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Help raise awareness of mental health

Published on May 30, 2017

Help raise awareness of mental health

Ryan M. Engdahl, PhD, LP
Coordinator, Integrated Behavioral Health Services
CentraCare Health

You are not aloneDo you know the signs of a mental health condition? You know someone who has experienced it — one out of five American adults has and they may not be easy to recognize.

Every mental health condition has its own symptoms, but common signs may include:

  • Excessive worrying or fear
  • Feeling excessively sad or low
  • Confused thinking or problems concentrating and learning
  • Extreme mood changes, including uncontrollable “highs” or feelings of euphoria
  • Prolonged or strong feelings of irritability or anger
  • Avoiding friends and social activities
  • Difficulties understanding or relating to other people
  • Changes in sleeping habits or feeling tired and low energy
  • Changes in eating habits such as increased hunger or lack of appetite
  • Changes in sex drive
  • Difficulty perceiving reality (delusions or hallucinations, in which a person experiences and senses things that don’t exist in objective reality)
  • Inability to perceive changes in one’s own feelings, behavior or personality (lack of insight)
  • Abuse of substances like alcohol or drugs
  • Multiple physical ailments without obvious causes (such as headaches, stomach aches, vague and ongoing “aches and pains”)
  • Thinking about suicide
  • Inability to carry out daily activities or handle daily problems and stress
  • An intense fear of weight gain or concern with appearance (mostly in adolescents)

Behavioral symptoms in young children are the most obvious because they don’t know how to identify and talk about their thoughts and emotions.

Symptoms may include:

  • Changes in school performance
  • Excessive worry or anxiety (fighting to avoid school)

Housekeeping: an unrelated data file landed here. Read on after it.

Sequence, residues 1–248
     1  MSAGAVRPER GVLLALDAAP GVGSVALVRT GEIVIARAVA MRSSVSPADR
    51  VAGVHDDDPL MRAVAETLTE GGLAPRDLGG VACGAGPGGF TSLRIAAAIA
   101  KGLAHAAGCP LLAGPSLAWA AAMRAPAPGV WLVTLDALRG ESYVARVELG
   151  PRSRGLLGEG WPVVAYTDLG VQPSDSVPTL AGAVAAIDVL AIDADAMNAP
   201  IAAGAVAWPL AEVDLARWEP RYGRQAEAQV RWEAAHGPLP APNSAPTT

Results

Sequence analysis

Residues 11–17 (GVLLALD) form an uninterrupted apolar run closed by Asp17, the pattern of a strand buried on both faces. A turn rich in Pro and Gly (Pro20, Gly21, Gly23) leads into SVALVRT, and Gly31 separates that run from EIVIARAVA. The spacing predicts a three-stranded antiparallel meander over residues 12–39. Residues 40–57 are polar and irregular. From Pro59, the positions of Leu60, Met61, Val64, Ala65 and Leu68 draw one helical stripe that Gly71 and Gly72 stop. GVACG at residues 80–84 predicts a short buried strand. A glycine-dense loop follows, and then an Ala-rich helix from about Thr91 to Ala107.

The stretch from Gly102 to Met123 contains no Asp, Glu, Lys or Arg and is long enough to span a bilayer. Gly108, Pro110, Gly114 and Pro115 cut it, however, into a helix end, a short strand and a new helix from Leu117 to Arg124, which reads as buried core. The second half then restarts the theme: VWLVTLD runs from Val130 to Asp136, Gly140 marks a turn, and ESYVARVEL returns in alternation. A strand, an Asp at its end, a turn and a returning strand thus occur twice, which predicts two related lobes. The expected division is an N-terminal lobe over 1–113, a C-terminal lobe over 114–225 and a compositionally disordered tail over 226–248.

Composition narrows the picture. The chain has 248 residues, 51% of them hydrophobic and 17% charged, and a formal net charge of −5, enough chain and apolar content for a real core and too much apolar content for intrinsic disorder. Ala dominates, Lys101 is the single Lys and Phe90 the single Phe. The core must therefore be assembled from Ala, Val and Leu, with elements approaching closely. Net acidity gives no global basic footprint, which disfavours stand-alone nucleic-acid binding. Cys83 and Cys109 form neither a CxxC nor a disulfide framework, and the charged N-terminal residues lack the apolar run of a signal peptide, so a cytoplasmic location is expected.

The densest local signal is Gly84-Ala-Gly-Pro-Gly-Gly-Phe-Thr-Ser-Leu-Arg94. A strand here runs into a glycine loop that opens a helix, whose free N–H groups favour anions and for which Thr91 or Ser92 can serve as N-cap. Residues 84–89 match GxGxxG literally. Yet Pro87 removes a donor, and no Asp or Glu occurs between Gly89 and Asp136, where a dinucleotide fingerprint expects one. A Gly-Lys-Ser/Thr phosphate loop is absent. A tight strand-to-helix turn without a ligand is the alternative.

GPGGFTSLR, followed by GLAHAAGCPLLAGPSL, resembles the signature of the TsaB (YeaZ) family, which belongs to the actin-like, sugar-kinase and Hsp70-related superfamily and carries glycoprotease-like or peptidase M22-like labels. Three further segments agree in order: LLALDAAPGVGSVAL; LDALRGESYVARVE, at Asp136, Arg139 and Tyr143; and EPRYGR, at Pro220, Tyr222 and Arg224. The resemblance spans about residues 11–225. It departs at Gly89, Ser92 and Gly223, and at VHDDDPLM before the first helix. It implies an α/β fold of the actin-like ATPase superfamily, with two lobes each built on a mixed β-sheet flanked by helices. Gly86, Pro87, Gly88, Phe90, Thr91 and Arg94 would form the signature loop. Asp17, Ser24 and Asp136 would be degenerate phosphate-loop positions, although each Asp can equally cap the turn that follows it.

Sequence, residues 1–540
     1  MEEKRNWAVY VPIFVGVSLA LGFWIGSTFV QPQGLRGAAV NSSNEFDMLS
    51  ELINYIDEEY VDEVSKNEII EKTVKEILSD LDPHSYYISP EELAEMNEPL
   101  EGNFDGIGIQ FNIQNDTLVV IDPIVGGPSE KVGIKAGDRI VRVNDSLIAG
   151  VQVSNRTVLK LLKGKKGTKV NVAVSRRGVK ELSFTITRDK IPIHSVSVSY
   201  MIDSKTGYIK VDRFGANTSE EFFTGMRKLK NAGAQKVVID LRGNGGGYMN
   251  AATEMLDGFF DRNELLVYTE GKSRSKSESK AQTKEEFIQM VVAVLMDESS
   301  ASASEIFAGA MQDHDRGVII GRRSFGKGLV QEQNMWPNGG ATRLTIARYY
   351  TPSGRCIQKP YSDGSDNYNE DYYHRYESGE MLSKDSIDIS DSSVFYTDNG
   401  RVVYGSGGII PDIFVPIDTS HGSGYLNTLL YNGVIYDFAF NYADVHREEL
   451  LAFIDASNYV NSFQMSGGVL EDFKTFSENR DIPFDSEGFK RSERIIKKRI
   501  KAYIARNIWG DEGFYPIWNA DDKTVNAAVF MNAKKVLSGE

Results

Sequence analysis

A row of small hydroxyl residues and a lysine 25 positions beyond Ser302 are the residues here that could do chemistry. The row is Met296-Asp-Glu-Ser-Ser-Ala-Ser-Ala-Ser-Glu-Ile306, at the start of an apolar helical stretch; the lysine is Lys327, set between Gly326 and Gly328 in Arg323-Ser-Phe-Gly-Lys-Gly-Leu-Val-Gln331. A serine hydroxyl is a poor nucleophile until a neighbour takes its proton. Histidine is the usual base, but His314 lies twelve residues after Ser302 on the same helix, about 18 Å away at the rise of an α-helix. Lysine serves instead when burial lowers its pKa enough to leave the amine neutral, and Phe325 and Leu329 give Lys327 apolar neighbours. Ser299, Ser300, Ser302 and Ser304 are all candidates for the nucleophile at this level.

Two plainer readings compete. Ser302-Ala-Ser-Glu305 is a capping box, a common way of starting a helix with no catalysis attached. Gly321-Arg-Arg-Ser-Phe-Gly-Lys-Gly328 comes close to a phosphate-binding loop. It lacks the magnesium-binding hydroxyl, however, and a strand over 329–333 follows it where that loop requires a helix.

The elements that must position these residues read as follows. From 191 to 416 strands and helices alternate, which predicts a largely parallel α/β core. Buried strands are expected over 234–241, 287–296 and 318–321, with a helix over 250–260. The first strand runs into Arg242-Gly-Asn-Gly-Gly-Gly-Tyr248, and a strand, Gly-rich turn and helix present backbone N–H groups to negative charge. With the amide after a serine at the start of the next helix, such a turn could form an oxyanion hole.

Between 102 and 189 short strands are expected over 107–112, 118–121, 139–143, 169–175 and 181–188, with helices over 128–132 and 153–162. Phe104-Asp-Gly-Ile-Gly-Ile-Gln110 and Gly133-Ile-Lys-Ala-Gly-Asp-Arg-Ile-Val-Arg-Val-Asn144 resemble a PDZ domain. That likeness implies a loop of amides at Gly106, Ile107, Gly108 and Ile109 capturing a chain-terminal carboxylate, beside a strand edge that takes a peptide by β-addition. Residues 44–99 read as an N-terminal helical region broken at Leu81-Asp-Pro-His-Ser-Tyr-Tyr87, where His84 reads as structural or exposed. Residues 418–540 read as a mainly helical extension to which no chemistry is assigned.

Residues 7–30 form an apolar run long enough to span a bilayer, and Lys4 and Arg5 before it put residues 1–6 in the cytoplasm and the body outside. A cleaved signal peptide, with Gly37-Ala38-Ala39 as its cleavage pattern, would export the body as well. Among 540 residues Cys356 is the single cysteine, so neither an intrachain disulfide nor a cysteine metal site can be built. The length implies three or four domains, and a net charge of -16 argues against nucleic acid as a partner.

• Hyperactive behavior
  • Frequent nightmares
  • Acting out, opposition, defiance or aggression
  • Frequent temper tantrums

Where to find help

If you are concerned about yourself or a loved one, one option is to reach out to your primary care provider. Treatments for mental health conditions vary by diagnosis and by person. There’s no “one size fits all” option. Treatment may include medication, counseling (therapy), social support and education. Your primary care provider can help you take the first step.

Health information accessed through www.centracare.com is not intended to be a substitute for professional medical advice, diagnosis or treatment. We strive to present reliable, up-to-date health information on our web site and “For the Health of It” blog. However, this information is not intended for the purpose of diagnosing or prescribing. Please contact your health care provider if you have any concerns or questions about specific content that may affect your health. Log in to MyChart to send a secure message to your provider.

About the Author

Ryan Engdahl

Ryan M. Engdahl, PhD, LP
Coordinator, Integrated Behavioral Health Services
CentraCare Health

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